By Gary Rose
“My names Alan, but YOU can call me Sexy Alan,” comes a voice from behind my head. This is not what I need right now.
I’m on a boat excursion from Puerto Vallarta, on Mexico’s Pacific coast, to Yelapa — a small fishing village about 25 km to the south, which is difficult to reach by road. I’m sitting on the bottom deck, land-side, near the front, staring at the mysterious plumes of smoke coughing out of the coastline. Enjoying the absence of muzak. The silence.
It’s unexpectedly lush and mountainous here. It was a short-notice trip and, being light on research, I’d expected parched mules trekking over cacti-peppered plains.
The man who calls himself Sexy Alan is the head honcho of the boat’s crew. A twenty-something Mexican wearing tight, yellow tennis shorts and a ginger beard. Alan’s not the most Mexican name, and the way his tan degrades into pastiness on his upper thighs also hints at more northerly origins. He sounds local though, as he barks through his mic, introducing his fellow crew members. Each does a little dance as he springs up to the stage.
I self-consciously look back at the scenery. The original Arnie Schwarzenegger Predator film was shot in this area. “There’s only one predator around here,” I think, as Sexy Alan gyrates his hips in the direction of my female fellow journalists.
I glance around to get some solidarity in my outrage at this breach of the peace. One of them is being sick. Unfortunately, it doesn’t look Sexy Alan related. Her face is a shade Farrow and Ball might describe as “cooking apple green”. The rest of my party are captivated. They love Sexy Alan.
Another crew member leaps up for his party piece. He looks like a handsome warlock, and he’s balancing some crystal balls on his arms while doing some kind of loco Kate Bush dance. I realise that Sexy Alan and his amigos are not mere tour guides. They’re… entertainers
If someone had told me two weeks previously that I’d be sailing down Mexico’s Pacific coast with Sexy Alan and a globe-balancing warlock…
The funny thing is, we’re not even supposed to be on this boat. We have Roger to thank for that. Due to some bureaucratic cock-up, poor Roger is left behind and we end up missing the excursion we were booked on. Our group leader looks like she might cry until one of the entertainers takes pity on us. “Come aboard, you were meant to be on this trip. It’s fate,” he says, with the serene confidence of an omnipotent gigolo.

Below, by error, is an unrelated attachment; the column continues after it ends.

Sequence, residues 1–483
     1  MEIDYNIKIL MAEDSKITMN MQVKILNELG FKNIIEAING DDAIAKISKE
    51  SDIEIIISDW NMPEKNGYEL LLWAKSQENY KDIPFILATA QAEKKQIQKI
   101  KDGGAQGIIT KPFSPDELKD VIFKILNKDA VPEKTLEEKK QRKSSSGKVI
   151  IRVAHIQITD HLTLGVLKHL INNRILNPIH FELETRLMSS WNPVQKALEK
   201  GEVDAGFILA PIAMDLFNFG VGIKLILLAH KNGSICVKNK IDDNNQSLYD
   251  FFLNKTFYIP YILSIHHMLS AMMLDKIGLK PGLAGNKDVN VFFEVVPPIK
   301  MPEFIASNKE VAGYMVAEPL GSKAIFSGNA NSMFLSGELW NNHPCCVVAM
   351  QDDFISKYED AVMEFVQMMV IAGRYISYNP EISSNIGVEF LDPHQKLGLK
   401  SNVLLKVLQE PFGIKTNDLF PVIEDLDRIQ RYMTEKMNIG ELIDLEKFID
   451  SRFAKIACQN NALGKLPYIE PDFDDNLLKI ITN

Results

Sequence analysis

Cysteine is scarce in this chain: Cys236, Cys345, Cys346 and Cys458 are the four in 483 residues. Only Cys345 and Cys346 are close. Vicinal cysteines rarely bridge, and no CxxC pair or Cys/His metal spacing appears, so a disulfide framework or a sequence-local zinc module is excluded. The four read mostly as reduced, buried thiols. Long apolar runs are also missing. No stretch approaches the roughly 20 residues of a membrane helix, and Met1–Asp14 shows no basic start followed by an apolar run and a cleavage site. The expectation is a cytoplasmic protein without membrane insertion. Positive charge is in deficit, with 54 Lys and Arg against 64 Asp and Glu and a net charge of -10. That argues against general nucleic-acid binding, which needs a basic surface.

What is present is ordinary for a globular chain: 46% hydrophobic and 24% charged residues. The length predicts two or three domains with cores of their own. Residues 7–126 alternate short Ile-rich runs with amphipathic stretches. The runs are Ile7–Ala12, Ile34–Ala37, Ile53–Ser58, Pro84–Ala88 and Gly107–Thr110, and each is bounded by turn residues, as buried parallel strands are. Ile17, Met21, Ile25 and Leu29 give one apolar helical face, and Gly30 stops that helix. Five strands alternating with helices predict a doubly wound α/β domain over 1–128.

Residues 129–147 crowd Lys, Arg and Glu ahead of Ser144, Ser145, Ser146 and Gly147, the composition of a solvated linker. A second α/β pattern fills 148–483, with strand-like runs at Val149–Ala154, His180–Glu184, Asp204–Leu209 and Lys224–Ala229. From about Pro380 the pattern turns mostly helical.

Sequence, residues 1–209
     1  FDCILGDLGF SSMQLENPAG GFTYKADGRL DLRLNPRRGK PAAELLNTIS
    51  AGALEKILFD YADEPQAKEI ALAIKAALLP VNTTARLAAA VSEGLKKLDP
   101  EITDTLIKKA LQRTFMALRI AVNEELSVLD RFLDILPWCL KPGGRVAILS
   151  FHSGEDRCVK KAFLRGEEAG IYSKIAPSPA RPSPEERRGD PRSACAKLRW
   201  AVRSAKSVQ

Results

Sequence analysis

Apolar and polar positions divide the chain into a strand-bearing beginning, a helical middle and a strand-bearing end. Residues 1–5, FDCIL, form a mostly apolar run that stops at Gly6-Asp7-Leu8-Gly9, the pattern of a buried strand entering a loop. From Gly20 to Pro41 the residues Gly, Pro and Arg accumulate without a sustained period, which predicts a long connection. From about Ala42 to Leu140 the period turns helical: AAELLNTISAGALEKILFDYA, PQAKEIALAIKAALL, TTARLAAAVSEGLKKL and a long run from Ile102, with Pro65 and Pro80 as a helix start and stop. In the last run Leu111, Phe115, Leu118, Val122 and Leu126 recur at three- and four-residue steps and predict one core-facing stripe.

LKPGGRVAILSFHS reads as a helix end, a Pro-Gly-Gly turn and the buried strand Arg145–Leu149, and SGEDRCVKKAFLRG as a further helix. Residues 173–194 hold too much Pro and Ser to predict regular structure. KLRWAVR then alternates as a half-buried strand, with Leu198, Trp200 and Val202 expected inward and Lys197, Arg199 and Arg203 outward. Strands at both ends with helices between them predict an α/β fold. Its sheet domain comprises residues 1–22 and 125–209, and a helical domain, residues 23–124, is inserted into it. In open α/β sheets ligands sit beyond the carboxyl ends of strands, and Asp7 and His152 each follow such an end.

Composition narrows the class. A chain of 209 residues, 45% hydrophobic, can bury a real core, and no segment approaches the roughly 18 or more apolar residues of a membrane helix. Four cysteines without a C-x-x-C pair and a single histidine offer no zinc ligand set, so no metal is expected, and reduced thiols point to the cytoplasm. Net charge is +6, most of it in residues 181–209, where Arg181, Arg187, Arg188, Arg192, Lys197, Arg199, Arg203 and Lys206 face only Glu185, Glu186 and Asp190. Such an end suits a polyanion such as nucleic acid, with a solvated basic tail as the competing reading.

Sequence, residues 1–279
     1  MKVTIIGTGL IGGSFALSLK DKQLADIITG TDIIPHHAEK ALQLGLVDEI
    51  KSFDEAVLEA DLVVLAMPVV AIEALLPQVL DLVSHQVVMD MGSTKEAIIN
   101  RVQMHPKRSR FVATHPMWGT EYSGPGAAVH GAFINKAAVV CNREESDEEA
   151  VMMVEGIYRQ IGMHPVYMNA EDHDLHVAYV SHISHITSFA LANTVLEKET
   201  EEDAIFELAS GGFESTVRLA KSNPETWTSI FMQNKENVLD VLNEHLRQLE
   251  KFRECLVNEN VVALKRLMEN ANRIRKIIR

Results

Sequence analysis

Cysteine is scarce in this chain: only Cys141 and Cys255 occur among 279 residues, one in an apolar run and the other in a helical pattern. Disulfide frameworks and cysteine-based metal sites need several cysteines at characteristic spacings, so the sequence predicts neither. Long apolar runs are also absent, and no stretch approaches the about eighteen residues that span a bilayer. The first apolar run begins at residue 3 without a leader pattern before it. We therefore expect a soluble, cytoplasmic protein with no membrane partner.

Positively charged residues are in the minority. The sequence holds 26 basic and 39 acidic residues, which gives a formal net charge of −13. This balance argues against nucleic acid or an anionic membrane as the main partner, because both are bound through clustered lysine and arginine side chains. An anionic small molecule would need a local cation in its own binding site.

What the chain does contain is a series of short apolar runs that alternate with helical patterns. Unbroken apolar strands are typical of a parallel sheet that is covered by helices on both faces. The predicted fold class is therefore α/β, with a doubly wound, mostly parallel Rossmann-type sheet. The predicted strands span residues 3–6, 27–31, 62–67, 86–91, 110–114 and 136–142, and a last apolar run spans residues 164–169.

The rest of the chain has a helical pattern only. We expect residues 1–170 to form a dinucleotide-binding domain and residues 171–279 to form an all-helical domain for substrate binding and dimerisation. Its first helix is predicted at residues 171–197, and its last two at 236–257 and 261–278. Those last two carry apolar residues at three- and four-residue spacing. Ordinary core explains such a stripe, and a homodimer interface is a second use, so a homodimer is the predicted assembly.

When we reach Yelapa we realise we got lucky. Vividly coloured shacks, beaten-up workshops and ramshackle market stalls line the path leading up to the village’s main attraction: a shampoo-advert waterfall that visitors can stand under, pretending they’re Michael Douglas or Kathleen Turner in Romancing the Stone.
I’m not a fan of cold water, but you only live once. It feels like that stupid ice bucket challenge. I flick my head seductively a few times, trying to look nonchalant, but inside I’m screaming like a toddler being forcibly ejected from a playground.
En route back to the beach I meet a sweet lady selling woollen dolls with wonky eyes, which she assures me she makes herself. “Siete dias, mucho trabajo,” she claims. Later I spot some other dolls that look identical, but I give her the benefit of the doubt.
Further ahead, a boy cuddling a fluffy alsatian puppy is causing a bottleneck. The scene looks like something from National Geographic, but there’s nothing staged or affected about it.
“Como te llama,” I ask him in my GCSE Spanish.
“Sam,” he squeaks, cutely.
“Muy bien,” is all I can manage in response. A passing American asks me if I meant to ask the boy’s name, or the dog’s.
“Erm… the boy’s,” I lie, realising my mistake.
Back on the beach, there’s time for a quick beer and a gawp at some outsized lizards before jumping back on the boat. Everyone wants to stay longer.
On the way we pass a scene that, for some reason, brings to mind Conrad’s Heart of Darkness. A gang of frigate birds are skulking ominously at a river’s mouth, like a bunch of winged hoodies waiting to jack a passer by. I realise what’s really troubling me: my reunion with the ginger Colonel Kurtz.
On the return leg, the lads crank the show up to eleven. They come out dressed as Wham, then ZZ Top, then some disco dude from the hit parade who seems very popular. But I’ve had my dose of tranquillity now. Pleasantly sedated by Yelapa (and, by this time, two margaritas), I finally succumb to the fiesta.
Sexy Alan has won. I am a reluctant groupie. A Sexyalanette. I pop a damp, crumpled 50 Peso note in his tips bucket as we drift into port.
First published on www.sonikbeach.com